Lin He

Research Expertise and Interest

comparative genomics, developmental biology, cell biology, cancer biology

Research Description

Lin He is the Thomas and Stacey Siebel Distinguished Chair in Stem Cell Research and a professor in molecular & cell biology and UC Berkeley with research interests in the functional importance of the non-coding genome. The number of protein-coding genes clearly fails to correlate with the developmental and pathological complexity in mammals. Her research group's overall research interest is to understand the unique biological functions and molecular regulation of various non-coding RNAs and transposable elements in development and disease. Her group aims to understand the distinct biological functions and molecular regulation conferred by miRNAs, long ncRNAs and retrotransposons in development and disease using an interdisciplinary approach combining mouse genetics, genomics, imaging studies, cell biology, and molecular biology. Their studies have provided important insights on the fundamental molecular mechanisms that govern the unique functional complexity of the non-coding genome.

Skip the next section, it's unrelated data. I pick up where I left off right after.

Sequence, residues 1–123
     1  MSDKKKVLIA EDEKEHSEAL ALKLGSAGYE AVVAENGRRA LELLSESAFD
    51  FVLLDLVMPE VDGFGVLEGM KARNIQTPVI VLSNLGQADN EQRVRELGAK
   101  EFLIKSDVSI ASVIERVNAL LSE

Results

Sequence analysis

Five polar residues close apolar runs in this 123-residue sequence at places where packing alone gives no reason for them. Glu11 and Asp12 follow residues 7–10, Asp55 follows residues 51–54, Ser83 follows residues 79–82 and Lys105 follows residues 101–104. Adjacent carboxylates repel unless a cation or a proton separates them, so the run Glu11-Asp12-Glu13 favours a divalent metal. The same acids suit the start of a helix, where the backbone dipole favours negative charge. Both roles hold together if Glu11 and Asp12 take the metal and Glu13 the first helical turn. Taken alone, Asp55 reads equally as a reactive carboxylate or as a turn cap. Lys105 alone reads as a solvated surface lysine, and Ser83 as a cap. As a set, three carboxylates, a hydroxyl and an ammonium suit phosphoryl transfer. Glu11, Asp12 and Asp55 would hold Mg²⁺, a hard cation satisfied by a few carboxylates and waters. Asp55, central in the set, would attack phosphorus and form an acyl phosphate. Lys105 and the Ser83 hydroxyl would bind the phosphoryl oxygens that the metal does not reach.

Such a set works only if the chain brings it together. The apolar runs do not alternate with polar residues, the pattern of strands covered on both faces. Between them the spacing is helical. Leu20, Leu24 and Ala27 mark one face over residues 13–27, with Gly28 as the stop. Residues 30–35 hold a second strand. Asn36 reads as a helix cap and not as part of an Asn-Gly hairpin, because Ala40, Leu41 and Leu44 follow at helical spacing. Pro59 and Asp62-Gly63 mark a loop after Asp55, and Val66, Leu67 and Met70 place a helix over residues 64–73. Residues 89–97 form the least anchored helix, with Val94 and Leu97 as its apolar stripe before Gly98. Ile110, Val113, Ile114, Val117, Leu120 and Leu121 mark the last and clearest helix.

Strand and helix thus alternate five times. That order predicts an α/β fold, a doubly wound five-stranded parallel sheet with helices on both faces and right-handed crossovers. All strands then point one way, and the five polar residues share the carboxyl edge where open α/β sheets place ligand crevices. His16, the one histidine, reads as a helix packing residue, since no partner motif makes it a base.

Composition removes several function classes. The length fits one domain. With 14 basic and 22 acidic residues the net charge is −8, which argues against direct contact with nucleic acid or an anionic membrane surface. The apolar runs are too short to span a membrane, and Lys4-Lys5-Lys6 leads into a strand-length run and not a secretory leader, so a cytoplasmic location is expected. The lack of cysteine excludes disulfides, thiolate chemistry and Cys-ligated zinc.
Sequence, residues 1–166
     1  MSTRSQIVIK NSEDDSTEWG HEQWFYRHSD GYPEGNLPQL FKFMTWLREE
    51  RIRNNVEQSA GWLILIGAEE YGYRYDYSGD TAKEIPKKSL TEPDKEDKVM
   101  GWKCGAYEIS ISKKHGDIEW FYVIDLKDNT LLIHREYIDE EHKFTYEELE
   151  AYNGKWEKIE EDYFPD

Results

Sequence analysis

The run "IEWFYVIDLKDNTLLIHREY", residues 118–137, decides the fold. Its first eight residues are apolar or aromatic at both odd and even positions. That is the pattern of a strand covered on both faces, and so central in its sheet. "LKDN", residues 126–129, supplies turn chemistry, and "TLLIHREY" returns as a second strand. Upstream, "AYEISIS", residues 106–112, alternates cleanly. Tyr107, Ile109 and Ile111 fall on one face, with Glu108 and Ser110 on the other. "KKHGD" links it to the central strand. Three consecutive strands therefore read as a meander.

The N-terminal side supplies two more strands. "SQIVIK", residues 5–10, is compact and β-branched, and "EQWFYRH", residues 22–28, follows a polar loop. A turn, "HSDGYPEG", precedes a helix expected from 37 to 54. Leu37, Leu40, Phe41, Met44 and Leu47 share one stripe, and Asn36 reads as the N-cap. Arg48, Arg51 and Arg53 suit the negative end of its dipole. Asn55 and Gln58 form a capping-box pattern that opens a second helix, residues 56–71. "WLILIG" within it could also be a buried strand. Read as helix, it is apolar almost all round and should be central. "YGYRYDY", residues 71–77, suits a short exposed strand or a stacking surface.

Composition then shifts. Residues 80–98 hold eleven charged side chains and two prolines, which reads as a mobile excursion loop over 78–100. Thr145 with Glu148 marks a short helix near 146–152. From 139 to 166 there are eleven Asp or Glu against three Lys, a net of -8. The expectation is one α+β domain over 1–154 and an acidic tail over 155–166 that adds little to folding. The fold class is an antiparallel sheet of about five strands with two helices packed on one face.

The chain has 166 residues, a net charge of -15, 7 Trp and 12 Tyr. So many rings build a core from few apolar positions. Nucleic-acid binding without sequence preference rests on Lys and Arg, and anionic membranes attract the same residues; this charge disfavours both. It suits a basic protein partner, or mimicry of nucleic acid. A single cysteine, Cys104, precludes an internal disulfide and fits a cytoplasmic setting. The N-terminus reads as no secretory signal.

In the News

So-Called Junk DNA Plays Critical Role in Mammalian Development

A new study led by researchers at University of California, Berkeley, and Washington University explored the function of one component of this junk DNA, transposons, which are selfish DNA sequences able to invade their host genome. The study shows that at least one family of transposons — ancient viruses that have invaded our genome by the millions — plays a critical role in viability in the mouse, and perhaps in all mammals.

CRISPR-EZ: Improving on a Good Thing

Lin He’s lab uses CRISPR technology to study how different genetic elements in a mouse embryo’s cell nucleus – genes that encode proteins, functional RNAs, and repetitive sequences – interact to assure normal development or trigger cancer.
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